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Recompiling Invalid Code - Oracle

In this second part of a nine-part series on managing PL/SQL code, you'll learn how to analyze argument information, recompile invalid code, and more. This article is excerpted from chapter 20 of the book Oracle PL/SQL Programming, Fourth Edition, written by Steven Feuerstein and Bill Pribyl (O'Reilly; ISBN: 0596009771). Copyright © 2006 O'Reilly Media, Inc. All rights reserved. Used with permission from the publisher. Available from booksellers or direct from O'Reilly Media.

TABLE OF CONTENTS:
  1. Troubleshooting PL/SQL Code
  2. Analyze and modify trigger state through views
  3. Recompiling Invalid Code
  4. Using Native Compilation
By: O'Reilly Media
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October 25, 2007

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Whenever a change is made to a database object, Oracle uses its dependency-related views (such as PUBLIC_DEPENDENCIES) to identify all objects that depend on the changed object. It then marks those dependent objects as INVALID, essentially throwing away any compiled code. This all happens automatically and is one of the clear advantages to compiling programs into the database. The code will then have to be recompiled before it can be executed.

Oracle will automatically attempt to recompile invalid programs as they are called. You can also manually recompile your invalid code, and this section shows how you can do this. Manual recompilation is generally recommended over automatic recompilation, particularly when it involves a production application. Recompilation can take quite a long time; on-demand compilation caused by a user request will generally result in a high level of user frustration.

Recompile individual program units

You can use the ALTER command to recompile a single program. Here are examples of using this DDL command:

  ALTER FUNCTION a_function COMPILE REUSE SETTINGS;
  ALTER PACKAGE my_package COMPILE REUSE SETTINGS;
  ALTER PACKAGE my_package COMPILE SPECIFICATION REUSE SETTINGS;
  ALTER PACKAGE my_package COMPILE BODY REUSE SETTINGS;

You should include the REUSE SETTINGS clause so that other settings for this program (such as compile-time warnings and optimization level) are not inadvertently set to the settings of the current session.

Of course, if you have many invalid objects, you will not want to type ALTER COMPILE commands for each one. You could write a simple query, like the one below, to generate all the ALTER commands:

  SELECT 'ALTER ' || object_type || ' ' || object_name
         || ' COMPILE REUSE SETTINGS;'
   FROM user_objects
  WHERE status = 'INVALID';

The problem with this “bulk” approach is that as you recompile one invalid object, you may cause many others to be marked INVALID. You are much better off relying on Oracle’s own utilities to recompile entire schemas or to use a sophisticated, third-party script created by Solomon Yakobson. These are described in the next section.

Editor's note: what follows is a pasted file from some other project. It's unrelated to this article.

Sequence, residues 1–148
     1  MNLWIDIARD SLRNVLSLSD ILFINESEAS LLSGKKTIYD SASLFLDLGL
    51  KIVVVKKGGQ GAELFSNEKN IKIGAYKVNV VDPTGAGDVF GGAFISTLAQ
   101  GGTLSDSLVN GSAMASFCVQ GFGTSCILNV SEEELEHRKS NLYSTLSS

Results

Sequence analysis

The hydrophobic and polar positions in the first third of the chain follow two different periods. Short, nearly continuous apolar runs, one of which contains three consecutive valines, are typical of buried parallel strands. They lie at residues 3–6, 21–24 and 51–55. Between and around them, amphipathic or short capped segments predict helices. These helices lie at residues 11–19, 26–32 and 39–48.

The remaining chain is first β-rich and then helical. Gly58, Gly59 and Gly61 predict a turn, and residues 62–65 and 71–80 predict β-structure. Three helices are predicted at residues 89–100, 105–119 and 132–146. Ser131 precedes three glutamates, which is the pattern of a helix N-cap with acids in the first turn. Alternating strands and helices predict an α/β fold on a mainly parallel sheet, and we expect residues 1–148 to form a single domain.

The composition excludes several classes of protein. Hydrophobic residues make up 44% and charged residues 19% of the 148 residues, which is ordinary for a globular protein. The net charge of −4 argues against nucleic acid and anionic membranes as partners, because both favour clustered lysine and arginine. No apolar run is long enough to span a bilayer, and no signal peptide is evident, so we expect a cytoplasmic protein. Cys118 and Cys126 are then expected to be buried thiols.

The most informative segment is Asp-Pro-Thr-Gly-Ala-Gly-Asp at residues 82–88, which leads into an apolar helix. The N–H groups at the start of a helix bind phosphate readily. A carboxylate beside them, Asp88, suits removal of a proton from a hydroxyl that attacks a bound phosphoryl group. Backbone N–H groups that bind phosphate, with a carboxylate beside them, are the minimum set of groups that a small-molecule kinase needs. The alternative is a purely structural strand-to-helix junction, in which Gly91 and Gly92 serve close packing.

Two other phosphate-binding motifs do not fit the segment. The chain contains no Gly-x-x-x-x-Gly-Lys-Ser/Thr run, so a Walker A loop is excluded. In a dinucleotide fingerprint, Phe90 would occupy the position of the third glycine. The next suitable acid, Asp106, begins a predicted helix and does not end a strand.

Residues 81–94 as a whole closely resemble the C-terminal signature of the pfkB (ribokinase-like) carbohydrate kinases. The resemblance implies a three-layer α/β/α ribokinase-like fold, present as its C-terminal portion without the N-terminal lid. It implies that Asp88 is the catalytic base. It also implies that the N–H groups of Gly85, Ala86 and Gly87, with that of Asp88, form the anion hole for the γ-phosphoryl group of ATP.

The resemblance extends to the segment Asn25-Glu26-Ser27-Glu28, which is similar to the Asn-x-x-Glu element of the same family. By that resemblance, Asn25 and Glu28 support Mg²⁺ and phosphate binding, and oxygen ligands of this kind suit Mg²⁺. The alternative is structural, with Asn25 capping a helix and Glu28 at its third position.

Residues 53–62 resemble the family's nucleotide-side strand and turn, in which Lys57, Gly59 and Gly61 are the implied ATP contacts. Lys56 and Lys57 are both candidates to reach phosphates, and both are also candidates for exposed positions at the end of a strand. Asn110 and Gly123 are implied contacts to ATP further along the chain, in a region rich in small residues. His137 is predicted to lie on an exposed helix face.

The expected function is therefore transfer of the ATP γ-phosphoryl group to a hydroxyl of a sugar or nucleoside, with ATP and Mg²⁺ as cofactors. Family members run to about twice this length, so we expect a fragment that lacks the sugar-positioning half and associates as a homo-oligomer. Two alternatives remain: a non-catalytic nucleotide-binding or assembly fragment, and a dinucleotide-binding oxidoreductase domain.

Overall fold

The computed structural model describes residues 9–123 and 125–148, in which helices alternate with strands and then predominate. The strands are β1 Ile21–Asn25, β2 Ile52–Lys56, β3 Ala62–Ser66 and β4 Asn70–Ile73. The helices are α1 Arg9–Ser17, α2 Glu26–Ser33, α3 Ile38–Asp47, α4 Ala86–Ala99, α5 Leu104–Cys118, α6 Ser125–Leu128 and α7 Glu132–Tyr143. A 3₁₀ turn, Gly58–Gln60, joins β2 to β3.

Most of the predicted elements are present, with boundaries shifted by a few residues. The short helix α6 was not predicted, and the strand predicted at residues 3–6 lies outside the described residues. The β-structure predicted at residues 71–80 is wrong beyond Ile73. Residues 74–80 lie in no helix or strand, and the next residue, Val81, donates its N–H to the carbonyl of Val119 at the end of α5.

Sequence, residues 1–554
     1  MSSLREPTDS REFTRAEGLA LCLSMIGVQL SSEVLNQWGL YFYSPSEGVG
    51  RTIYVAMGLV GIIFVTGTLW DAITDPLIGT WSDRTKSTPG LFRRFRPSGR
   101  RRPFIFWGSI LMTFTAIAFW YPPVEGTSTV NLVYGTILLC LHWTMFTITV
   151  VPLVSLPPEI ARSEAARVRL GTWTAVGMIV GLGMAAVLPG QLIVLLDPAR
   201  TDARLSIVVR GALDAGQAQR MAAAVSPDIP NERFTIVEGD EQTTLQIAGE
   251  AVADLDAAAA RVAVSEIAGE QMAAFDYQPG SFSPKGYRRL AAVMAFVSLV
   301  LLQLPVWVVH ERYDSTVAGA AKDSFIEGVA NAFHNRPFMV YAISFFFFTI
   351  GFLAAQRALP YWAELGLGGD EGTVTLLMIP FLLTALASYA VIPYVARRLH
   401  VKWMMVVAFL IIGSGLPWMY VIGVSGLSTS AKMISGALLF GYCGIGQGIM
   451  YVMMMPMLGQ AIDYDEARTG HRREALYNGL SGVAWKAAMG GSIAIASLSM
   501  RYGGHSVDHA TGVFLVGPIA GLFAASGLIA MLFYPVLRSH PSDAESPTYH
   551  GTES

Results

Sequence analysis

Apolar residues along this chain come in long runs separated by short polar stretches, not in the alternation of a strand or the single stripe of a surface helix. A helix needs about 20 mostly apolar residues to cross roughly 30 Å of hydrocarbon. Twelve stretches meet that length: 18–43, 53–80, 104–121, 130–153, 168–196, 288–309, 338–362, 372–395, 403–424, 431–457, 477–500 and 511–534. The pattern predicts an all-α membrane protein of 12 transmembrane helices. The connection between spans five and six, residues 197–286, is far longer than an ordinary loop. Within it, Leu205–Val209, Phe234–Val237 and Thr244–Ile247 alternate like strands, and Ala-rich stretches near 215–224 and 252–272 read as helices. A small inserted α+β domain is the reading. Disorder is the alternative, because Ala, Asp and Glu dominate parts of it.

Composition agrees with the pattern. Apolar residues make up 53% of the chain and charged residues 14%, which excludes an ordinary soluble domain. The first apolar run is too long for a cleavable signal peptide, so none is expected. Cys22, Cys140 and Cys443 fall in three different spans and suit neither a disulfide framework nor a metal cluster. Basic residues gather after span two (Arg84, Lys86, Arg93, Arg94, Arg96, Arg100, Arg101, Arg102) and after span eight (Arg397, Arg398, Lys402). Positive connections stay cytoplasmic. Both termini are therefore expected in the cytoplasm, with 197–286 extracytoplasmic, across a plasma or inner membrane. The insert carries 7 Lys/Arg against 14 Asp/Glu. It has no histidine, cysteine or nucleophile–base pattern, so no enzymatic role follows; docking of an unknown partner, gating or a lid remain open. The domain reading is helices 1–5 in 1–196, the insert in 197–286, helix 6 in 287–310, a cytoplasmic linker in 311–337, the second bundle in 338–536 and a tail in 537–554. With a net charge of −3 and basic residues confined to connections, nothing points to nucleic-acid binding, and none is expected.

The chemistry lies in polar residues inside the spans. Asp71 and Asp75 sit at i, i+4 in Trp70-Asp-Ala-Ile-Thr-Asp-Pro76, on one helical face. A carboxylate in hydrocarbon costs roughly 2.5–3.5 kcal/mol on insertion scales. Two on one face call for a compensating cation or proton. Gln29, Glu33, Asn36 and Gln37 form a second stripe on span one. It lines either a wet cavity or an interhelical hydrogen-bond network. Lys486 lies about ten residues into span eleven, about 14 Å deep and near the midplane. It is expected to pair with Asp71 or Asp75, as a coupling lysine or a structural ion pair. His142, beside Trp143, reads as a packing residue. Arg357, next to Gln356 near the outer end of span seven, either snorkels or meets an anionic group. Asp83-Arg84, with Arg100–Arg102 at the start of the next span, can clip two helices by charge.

Use UTL_RECOMP

Starting with Oracle Database 10g Release 1, the UTL_RECOMP built-in package offers two programs that you can use to recompile any invalid objects in your schema: RECOMP_SERIAL and RECOMP_PARALLEL.

To use UTL_RECOMP, you will need to connect as a SYSDBA account. When running the parallel version, it uses the DBMS_JOB package to queue up the recompile jobs. When this happens, all other jobs in the queue are temporarily disabled to avoid conflicts with the recompilation.

Here is an example of calling the serial version to recompile all invalid objects in the SCOTT schema:

  SQL> CALL utl_recomp.recomp_serial ('SCOTT');

If you have multiple processors, the parallel version may help you complete your recompilations more rapidly. As Oracle notes in its documentation of this package, however, compilation of stored programs results in updates to many catalog structures and is I/O intensive; the resulting speedup is likely to be a function of the speed of your disks.

Here is an example of requesting recompilation of all invalid objects in the SCOTT schema, using up to four simultaneous threads for the recompilation steps:

  SQL> CALL utl_recomp.recomp_parallel ('SCOTT', 4);

Oracle also offers the DBMS_UTILITY.RECOMPILE_SCHEMA program to recompile invalid objects. One advantage of using this program over the UTL_RECOMP alternatives is that you do not need to connect as a SYSDBA account. I recommend, however, that you avoid using DBMS_UTILITY.RECOMPILE_SCHEMA altogether; in some cases, it does not seem to successfully recompile all invalid objects. This may have to do with the order in which it performs the compilations.

If you do not want to have to connect to a SYSDBA account to perform your recompilations, you might consider using a recompile utility written by Solomon Yakobson and found in the recompile.sql file on the book’s web site.



 
 
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